La Paz is a bustling city full of local life, spread out in a canyon and overlooked by the Illimani mountain.
The world's highest capital fills a giant canyon in the valley of the Andes with chaotic and crowded streets, at a dizzying 3,660 metres above sea level. The snow-capped Illimani mountain provides an awe-inspiring and ever present backdrop to one of the most mis-appropriately named cities in the world - don't expect a lot of peace in La Paz. What you can expect though are brilliantly frenetic streets filled with sights, sounds and smells that will stay with you long after you leave. Once you have got your breath back, explore the Plaza Murillo, cathedral and San Francisco church in the very heart of the city, as well as colourful Jaén street and the weird and wonderful Witches Market. No visit would be complete without a trip on the world's longest and highest urban cable car, whilst just outside the city centre, the other-worldly Moon Valley makes for a convenient and surreal escape from the hustle and bustle of the city.
If you're looking to buy the potions, medical plants and dried frogs you need for your Bolivian rituals, then this is the place for you. Rid yourself of your money worries and love troubles with the help of the colourful and charismatic Bolivian witch doctors of the Mercado de las Brujas. For everyone else, just enjoy the beautiful chaos and bizarre merchandise of what is surely one of the most surreal and strange markets in the world. Just try to ignore the llama fetuses, purchased by Bolivians to place in the foundations of new houses as a sacrifice to the goddess Pachamama, in return for her keeping the workers safe.
Opened in 2014, the world's highest and longest urban cable car system whisks locals and tourists alike over the city at 4,000 metres above sea level. Far from a mere tourist attraction, the 443 cars are an active and crucial part of the city's transportation system. Currently operating over three different lines (several more are planned), they ferry up to 6,000 passengers an hour between the main city and El Alto, the poorer and more indigenous part of La Paz. As well as affording stunning views of the city and the surrounding mountains, the project is intended to reduce the social and economic gulf between the different classes and ethnic groups, by dramatically increasing the mobility of those living in El Alto.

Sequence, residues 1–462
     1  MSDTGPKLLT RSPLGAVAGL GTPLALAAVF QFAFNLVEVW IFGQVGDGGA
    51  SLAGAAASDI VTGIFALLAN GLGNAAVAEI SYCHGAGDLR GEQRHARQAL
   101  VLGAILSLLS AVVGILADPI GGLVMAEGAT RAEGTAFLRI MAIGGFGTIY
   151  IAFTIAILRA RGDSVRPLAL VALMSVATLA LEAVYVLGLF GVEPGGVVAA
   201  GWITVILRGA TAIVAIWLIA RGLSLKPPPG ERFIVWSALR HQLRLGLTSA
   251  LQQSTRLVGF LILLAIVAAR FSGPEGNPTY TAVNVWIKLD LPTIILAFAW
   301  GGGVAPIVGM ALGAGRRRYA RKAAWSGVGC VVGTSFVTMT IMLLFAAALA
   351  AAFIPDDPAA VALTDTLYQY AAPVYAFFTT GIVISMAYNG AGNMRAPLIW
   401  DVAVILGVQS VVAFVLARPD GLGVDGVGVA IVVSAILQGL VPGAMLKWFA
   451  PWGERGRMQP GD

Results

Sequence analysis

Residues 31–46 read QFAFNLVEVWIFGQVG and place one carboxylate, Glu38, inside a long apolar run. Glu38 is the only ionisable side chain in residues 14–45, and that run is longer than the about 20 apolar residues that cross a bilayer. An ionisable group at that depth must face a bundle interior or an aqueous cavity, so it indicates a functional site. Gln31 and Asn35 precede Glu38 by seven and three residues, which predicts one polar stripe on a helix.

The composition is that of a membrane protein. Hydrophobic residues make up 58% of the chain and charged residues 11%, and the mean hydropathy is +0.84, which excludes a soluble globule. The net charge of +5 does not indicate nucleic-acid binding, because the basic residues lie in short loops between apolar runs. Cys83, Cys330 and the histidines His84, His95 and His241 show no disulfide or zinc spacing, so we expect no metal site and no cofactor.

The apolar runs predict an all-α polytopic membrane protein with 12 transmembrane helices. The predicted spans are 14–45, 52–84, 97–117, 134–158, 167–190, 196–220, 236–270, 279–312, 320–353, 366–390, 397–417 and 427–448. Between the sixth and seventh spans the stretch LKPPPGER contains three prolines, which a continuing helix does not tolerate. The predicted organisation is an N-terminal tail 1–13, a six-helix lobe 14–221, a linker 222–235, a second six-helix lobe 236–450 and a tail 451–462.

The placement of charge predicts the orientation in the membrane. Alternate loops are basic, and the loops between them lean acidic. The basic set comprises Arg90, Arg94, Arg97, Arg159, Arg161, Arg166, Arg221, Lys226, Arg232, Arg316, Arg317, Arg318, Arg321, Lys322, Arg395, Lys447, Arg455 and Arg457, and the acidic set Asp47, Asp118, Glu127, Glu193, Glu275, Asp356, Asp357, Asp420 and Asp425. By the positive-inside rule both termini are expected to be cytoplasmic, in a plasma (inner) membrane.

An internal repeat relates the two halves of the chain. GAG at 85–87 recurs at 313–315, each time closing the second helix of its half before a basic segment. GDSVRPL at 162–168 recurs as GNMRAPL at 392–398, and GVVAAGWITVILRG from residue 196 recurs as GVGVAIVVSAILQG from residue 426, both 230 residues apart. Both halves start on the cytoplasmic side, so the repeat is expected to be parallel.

Located just at just 30 minutes drive from the capital, the Moon Valley is a collection of clay and sandstone spires which create a mini canyon. They took form many years ago thanks the harsh winds and rain of the area eroding what were once mountains, leaving behind this bizarre formation to which a rich mineral content lends a varied colour pallet, interspersed with several types of cacti. Two walkways have been created to help visitors explore the area, taking around an hour to complete, though caution is to be exercised in some narrow areas and uneven paths.
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